london

How Can We Be Better Allies To The LGBTQ+ Community?

As a straight, white feminist, it can be really easy to just focus on your own problems and disadvantages, but it’s common knowledge that we can’t all move forward when half of us are being held back. Equality can’t ever be achieved if we don’t work together to boost everyone up so we ought to start closing that gap. 

As it’s Pride month in the UK, I wanted to focus on some of the injustices faced by women within the LGBTQ+ community. Someone I know pointed out just how frustrating gay clubs can be, especially when taken over by straight women trying to escape the sometimes literal clutches of straight men in straight clubs. When it’s pointed out, you realise how unhelpful you’re being in what should be a safe place for a community you’re not a part of. It was also pointed out to me that even gay clubs weren’t particularly welcoming to lesbians or bi women. It was pretty disconcerting to hear that they can’t even enjoy clubs intended for their use and it got me thinking. I decided I would try to learn a little more.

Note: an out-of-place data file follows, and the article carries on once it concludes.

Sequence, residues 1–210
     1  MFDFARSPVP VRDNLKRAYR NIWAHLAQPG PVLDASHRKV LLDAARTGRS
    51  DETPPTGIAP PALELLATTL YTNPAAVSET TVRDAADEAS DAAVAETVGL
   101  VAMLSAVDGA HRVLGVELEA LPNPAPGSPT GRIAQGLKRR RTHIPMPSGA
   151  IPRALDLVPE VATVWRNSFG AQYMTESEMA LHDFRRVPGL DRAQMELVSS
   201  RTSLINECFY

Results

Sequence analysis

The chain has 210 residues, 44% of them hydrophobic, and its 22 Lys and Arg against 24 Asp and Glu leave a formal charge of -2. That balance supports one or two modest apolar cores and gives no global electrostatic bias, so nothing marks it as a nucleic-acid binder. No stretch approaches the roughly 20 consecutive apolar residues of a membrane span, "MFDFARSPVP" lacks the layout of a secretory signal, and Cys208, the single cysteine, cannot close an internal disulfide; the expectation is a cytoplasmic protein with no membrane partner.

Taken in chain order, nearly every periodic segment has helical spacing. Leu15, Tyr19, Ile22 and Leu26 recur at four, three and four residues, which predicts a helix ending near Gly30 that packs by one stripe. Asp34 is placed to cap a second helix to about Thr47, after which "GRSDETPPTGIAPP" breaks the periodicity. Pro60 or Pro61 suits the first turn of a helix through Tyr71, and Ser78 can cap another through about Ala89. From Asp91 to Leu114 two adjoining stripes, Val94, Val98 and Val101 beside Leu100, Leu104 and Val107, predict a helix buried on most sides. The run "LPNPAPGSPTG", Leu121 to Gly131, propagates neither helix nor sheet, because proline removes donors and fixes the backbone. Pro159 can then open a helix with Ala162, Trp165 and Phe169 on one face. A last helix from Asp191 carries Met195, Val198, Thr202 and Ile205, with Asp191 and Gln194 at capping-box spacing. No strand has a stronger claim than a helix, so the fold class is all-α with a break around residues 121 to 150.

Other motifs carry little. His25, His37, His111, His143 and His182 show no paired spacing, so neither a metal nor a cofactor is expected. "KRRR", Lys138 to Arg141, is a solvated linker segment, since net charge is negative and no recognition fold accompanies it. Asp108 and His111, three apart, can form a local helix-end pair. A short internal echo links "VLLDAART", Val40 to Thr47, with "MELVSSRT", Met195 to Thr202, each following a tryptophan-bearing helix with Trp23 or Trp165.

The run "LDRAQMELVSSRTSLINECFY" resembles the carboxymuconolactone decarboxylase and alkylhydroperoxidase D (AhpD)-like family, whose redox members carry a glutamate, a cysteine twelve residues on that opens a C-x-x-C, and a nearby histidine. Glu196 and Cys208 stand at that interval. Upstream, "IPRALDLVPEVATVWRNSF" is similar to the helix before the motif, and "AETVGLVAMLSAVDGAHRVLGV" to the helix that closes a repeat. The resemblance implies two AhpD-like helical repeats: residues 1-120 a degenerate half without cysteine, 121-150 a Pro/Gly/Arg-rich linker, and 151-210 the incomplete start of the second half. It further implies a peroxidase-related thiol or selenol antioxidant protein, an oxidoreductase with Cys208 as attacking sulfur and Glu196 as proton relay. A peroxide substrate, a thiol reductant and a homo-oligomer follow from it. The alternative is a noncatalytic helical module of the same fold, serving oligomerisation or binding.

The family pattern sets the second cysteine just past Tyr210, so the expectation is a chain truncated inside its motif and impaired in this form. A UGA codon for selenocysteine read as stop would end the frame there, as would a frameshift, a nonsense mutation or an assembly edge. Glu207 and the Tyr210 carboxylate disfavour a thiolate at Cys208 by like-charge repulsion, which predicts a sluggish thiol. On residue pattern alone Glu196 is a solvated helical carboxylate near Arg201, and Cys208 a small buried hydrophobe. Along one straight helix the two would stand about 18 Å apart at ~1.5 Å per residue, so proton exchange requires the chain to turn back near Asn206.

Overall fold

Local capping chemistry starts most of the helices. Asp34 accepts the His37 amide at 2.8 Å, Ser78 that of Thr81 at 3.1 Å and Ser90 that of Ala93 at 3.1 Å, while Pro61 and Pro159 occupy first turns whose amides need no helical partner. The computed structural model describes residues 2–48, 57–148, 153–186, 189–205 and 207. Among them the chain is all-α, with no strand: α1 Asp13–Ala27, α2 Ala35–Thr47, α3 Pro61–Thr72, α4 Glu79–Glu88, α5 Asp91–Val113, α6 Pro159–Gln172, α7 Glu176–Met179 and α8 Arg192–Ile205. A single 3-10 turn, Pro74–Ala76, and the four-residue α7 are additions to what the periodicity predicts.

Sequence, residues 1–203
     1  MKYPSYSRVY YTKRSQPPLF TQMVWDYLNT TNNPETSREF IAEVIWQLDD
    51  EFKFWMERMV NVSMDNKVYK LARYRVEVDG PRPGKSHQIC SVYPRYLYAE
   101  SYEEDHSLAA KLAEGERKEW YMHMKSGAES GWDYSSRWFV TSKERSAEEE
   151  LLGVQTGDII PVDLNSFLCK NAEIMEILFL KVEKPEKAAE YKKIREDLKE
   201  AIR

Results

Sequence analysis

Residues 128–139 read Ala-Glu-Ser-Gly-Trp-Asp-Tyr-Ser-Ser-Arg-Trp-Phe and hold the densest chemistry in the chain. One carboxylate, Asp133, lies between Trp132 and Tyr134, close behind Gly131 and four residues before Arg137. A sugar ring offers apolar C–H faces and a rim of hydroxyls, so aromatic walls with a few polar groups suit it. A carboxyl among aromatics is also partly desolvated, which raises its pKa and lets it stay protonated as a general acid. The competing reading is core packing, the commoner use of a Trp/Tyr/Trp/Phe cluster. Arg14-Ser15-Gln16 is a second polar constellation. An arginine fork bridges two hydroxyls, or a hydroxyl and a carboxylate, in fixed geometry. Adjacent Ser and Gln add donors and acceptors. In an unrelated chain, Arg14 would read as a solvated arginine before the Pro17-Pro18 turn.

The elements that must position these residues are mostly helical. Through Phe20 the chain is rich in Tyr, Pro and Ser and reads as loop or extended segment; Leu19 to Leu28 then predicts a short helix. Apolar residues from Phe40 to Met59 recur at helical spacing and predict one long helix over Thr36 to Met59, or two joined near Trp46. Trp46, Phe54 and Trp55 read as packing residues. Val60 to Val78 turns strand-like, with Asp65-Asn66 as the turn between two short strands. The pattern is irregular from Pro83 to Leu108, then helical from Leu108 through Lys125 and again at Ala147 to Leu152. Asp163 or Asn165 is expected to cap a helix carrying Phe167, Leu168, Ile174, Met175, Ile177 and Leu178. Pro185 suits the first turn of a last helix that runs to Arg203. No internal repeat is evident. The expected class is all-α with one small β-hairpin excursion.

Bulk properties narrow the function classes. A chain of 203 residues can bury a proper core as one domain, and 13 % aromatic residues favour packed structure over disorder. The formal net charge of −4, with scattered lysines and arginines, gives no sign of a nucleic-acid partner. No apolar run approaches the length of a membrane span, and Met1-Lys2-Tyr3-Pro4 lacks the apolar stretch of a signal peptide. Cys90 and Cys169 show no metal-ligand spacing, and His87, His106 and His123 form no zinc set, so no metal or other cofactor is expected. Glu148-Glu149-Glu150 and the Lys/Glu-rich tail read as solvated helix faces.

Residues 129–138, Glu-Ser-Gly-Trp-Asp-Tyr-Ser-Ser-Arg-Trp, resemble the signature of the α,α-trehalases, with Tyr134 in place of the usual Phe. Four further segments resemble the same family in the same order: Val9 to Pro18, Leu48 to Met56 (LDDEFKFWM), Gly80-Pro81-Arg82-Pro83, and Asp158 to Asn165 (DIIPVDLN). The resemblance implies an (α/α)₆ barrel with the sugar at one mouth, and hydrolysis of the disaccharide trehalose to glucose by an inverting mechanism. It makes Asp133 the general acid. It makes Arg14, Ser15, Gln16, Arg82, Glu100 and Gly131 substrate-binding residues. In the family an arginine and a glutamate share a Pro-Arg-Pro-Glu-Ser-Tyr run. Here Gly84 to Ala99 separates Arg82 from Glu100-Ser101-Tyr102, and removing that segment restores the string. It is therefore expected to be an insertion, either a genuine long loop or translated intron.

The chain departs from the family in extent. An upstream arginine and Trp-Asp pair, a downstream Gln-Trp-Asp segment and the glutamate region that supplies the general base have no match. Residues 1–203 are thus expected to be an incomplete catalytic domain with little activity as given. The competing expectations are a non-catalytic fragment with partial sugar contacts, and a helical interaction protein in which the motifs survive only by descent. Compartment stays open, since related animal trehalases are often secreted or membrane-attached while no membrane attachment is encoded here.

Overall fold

I reached out to friends and to colleagues,one of whom actually teased me, knowingly asking why I had chosen to question her instead of others I worked with. I wanted to know how a straight person could make a good – or just a better – ally. We need to band together properly, so I asked for the community’s opinions and tips, and here’s what I got back…

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LILY ANN PROCELLA 

“A  couple of simple things are calling out homophobia/transphobia if you see it. Often it is left up to the victims to call this behaviour out which is not a position everyone can accept for a whole host of reasons. Solidarity feels good because (from my experience) when you are lgbt/closeted etc it is incredibly isolating and there aren’t too many examples of people standing up to this discrimination in popular culture, straight or otherwise so it feels like you against the world. If your workplace or colleagues don’t respect other people’s identities or insufficient training is provided try suggesting training is provided. If someone tells you their pronoun, refer to them with that pronoun and treat them with respect. It can feel uncomfortable at first but it is way better to suffer slight discomfort than to invalidate someone else’s whole identity.